We shed light on the entrepreneurial journeys of four individuals who are exporting Nigerian agricultural commodities to international markets.
1. Supplying the American market with Nigerian superfoods
Shalom Bako Dangombe, founder and managing director of Afrivana, a company that imports Nigerian commodities like hibiscus flowers and shea butter into the US, started his entrepreneurial journey when he saw a trade opportunity between the US and Nigeria. After initially attempting to distribute US fashion apparel in Nigeria, which ended in failure, he shifted his focus to exporting Nigerian commodities to the US.
In his search for the ideal commodity, he noticed the popularity of hibiscus tea in the US, sparking a childhood memory of selling the beverage in Nigeria. After facing numerous rejections while trying to find a buyer, Bako travelled to Mexico to make industry connections. Eventually, a company recognised his persistence and agreed to a trial container. To secure the supply, Bako partnered with smallholder farmers in Nigeria. Read the full article
2. Nigerian cassava: The next big thing in the US food market?
Shine Bridge Global, a US-based food science and agribusiness company, was established in 2018 by Dr Tony Bello, a native of Nigeria. The company specialises in creating products from cassava sourced in Nigeria.
In recent years, Shine Bridge Global has been focusing on converting high-quality cassava flour into instant tapioca flakes. Tapioca is derived from the cassava root and the resulting flakes, according to Bello, have similar applications to potato flakes. Potato flakes are utilised as a food ingredient in the production of various commercially available items, such as pasta and snacks, and also serve as a thickener in gravies and desserts. The company is also in the process of developing a few other cassava-derived food products such as crackers, pizza crusts, ready-mix fufu, fried snacks and flatbreads – all using its tapioca flakes.
Shine Bridge Global has set its sights on launching both the tapioca flakes and the end-consumer packaged goods in the US and UK for a trial phase in the upcoming months. Following this, it plans to gradually scale up production, selling to consumer packaged goods companies and marketers. Read the full article
3. Unlocking Nigeria’s ginger export potential
Kenneth Obiajulu co-founded Agricorp International, a company that processes and exports Nigerian ginger. His experience in the field, including consulting for the World Bank, helped him recognise the untapped potential, particularly for ginger, which is a key crop in many Nigerian states. Despite Nigeria being responsible for 16% of the world’s ginger production, export revenues were notably low due to systemic inefficiencies and unregulated trade channels.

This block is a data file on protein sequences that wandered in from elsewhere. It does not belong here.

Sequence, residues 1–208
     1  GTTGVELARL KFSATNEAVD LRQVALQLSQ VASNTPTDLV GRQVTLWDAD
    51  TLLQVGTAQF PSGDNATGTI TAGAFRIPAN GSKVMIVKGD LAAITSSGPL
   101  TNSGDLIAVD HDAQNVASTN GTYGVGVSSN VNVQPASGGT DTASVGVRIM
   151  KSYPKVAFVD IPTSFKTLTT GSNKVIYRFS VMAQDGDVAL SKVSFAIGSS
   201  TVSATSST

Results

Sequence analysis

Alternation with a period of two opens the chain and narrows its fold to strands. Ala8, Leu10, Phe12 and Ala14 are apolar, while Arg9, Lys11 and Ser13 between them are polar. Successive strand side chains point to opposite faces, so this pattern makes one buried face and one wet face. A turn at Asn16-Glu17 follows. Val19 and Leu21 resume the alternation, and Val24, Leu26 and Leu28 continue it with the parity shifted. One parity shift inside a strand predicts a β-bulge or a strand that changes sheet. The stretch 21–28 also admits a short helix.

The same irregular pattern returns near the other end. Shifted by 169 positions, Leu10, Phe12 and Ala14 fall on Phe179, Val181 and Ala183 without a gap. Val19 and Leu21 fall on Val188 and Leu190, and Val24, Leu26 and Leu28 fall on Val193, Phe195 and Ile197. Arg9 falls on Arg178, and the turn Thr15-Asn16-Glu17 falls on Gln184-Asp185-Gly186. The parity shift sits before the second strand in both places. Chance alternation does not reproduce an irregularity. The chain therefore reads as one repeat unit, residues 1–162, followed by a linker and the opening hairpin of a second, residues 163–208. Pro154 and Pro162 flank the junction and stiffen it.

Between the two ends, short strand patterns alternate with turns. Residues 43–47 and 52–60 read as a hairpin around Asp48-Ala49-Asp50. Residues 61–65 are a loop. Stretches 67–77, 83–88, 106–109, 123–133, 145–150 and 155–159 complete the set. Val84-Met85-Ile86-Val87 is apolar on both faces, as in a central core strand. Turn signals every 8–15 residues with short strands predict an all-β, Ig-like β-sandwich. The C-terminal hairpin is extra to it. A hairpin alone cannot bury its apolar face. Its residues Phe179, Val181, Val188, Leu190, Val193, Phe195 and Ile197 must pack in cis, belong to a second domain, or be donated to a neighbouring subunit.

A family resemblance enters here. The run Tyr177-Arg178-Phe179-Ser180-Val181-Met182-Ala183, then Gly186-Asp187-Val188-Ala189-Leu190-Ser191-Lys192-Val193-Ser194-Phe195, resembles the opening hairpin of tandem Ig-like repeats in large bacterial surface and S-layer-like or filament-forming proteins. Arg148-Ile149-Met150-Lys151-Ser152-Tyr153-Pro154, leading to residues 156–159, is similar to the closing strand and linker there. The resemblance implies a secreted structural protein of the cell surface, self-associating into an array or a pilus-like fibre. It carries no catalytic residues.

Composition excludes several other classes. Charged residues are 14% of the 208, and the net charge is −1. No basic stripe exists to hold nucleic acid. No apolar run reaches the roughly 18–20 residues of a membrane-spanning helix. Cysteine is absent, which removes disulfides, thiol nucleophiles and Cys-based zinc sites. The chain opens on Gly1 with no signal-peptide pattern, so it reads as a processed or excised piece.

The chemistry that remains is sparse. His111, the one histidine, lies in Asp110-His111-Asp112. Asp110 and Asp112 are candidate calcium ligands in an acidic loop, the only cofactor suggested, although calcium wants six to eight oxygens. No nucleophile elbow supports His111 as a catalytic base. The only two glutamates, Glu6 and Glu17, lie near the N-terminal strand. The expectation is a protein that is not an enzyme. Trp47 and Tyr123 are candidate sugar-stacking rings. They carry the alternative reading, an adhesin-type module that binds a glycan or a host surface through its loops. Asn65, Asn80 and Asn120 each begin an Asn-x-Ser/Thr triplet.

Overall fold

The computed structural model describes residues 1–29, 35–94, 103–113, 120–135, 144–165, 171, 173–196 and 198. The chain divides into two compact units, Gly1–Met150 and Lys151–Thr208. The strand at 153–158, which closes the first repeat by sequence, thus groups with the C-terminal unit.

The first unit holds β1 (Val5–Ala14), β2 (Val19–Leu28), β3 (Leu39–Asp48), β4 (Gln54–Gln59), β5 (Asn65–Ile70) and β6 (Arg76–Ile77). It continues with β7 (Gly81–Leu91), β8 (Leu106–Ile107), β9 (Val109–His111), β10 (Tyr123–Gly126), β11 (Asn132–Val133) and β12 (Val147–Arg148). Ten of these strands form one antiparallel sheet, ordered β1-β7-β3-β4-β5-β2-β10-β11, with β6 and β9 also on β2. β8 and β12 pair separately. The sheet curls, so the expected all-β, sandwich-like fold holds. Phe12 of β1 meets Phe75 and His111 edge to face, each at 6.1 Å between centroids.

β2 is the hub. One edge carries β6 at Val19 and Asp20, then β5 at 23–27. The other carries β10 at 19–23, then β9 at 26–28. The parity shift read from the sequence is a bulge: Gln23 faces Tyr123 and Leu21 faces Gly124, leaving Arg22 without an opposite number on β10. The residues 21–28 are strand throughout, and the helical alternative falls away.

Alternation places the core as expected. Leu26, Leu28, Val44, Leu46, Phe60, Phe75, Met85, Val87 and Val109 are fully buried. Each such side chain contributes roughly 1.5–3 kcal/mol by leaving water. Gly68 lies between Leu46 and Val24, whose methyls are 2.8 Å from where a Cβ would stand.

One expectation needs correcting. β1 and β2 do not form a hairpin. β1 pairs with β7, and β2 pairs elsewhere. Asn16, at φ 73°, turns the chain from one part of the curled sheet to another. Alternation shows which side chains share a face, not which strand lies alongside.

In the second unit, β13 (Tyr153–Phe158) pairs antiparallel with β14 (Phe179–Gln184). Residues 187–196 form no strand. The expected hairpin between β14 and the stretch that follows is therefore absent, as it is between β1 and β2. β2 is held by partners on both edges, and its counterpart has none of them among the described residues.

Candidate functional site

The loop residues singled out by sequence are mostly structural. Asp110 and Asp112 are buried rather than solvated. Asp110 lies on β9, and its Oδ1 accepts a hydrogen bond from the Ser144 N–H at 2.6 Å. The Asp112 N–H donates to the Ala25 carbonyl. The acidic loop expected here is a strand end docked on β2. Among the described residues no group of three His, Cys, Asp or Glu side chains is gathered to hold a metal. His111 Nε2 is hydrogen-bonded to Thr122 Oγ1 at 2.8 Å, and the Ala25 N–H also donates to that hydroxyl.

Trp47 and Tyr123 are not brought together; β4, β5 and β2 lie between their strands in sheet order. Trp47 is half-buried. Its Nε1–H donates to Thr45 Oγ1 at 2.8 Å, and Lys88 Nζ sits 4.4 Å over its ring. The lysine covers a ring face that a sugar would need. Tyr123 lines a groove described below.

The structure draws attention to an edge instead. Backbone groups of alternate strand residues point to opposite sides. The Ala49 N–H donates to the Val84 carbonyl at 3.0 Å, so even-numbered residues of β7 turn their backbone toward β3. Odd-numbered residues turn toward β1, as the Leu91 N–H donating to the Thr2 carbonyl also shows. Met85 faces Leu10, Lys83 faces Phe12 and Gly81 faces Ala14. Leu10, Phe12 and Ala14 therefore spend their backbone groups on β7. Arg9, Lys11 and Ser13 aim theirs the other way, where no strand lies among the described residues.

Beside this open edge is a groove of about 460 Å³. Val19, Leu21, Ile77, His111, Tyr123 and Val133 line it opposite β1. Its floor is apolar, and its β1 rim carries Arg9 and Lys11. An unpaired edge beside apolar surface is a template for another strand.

With a goal to rectify these inefficiencies, Agricorp International was built, focusing on drying ginger for longevity and providing support and training for smallholder farmers to increase their yields. The company sources ginger from over 5,000 smallholder farmers and processes it at a plant in Kaduna. The focus is now 90% on exports, primarily to South Africa, India, Morocco and Dubai. Read the full article
4. Nigerian businessman grows agricultural trading business after securing first client through LinkedIn
Timi Oke started his entrepreneurial journey in 2012, when he was working at a bank in the UK. His interest in agriculture and trading led him to explore potential agricultural products for trade. After interacting on LinkedIn groups and attending trade fairs on the advice of an import-export trader, Oke secured his first client, an importer from Mexico, who requested five containers of dried hibiscus flowers.
Oke took a career break and set up AgroEknor with his brother and a friend. The initial order was fulfiled by crowdfunding and personal funds, procuring the hibiscus flowers from small-scale farmers in Nigeria’s northern states.
This initial success inspired Oke to quit his banking job and relocate to Nigeria to focus on the export business. The company started small, with 60 tonnes of hibiscus in the first year, doubling in the second year and reaching 540 tonnes in the third year. Early clients were primarily from Mexico, Latvia, Germany, and Belgium. Over time, Oke and his team secured necessary certifications to export to the EU and expanded into the US market. Read the full article